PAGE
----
Rubens Pessanha: To give more detail, we used an exploratory sequential mixed methods approach with virtual interviews with approximately 30 members of the design community followed by a quantitative online survey research. In total, 5,437 individuals participated. We bolstered the survey research by analyzing data from official government agencies, AIGA databases, hundreds of job posts for design professionals, previous research from AIGA, annual reports/websites from Fortune’s 100 World’s Most Admired Companies, and many other multidisciplinary sources. The goal of this data is to better understand what it means to be a designer today.
Being a designer today might feel much different than being a designer two years ago. The survey took place during COVID—I’m curious to hear about how that colored the story you’re telling with the data. What have designers experienced over this past year?
Pessanha: Covid has had a tremendous impact, and we’ve been able to tell the story of that impact over time since we started doing “pulse surveys” in May 2020, followed by surveys and focus groups later in the year. Covid is going to change the industry a lot in the future, including behaviors and priorities. It reset the marketplace in so many ways and accelerated some of the changes that were already happening, like a concentration of designers moving from agency work to in-house jobs. We saw a lot of people using more do-it-yourself tools to do their work, too. Of course, the impact was uneven, and that’s an important point. Not everyone felt the same way, which was important to highlight.
Was it not all bad news?
Pessanha: Some people were negatively impacted, for sure. In the 2019 census, we had 1% of respondents saying that they were temporarily unemployed. Now we have 6%. This year, four out of 10 people said that they had their income negatively impacted, and one out of five says that they’re struggling to stay afloat or even considering moving out of the profession. But no, it’s not all bad news. In our focus groups, we heard that some people were more busy than ever; some people grew their businesses, especially designers who work in the digital, e-commerce, and online retail industries.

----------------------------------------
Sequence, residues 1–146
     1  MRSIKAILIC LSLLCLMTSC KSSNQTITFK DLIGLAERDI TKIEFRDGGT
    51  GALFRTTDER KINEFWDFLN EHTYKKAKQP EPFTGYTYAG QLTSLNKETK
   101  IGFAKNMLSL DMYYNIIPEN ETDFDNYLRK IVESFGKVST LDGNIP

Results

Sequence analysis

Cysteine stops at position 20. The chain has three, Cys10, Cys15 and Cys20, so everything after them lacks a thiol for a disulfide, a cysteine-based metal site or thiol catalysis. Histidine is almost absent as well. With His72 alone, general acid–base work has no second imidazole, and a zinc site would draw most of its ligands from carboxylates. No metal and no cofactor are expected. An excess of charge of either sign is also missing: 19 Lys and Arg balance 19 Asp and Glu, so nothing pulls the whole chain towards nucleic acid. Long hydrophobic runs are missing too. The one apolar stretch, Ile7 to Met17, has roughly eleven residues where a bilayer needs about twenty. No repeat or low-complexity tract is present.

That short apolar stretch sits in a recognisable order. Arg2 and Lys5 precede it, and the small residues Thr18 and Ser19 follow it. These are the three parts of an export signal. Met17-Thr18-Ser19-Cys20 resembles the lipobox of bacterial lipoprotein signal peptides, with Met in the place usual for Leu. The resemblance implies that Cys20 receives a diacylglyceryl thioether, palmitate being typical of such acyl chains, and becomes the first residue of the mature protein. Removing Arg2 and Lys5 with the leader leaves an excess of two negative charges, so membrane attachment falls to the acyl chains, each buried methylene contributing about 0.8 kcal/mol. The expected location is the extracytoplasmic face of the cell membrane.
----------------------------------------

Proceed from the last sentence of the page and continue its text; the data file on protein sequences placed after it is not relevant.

Four out of 10 people said the pandemic negatively impacted their income.
What have been the main challenges designers have faced in the last year?
Pessanha: Some of them are work-related, like finding work and keeping a job. Designers had to adapt to abrupt changes, new working dynamics, and working from home. We found that designers learned to stay positive and pivot business models and skills. People didn’t have a choice but to change. But designers are optimistic: Six out of 10 said they believe design has a role to play in helping us move out of pandemic stronger.
What might that look like? What can designers really do?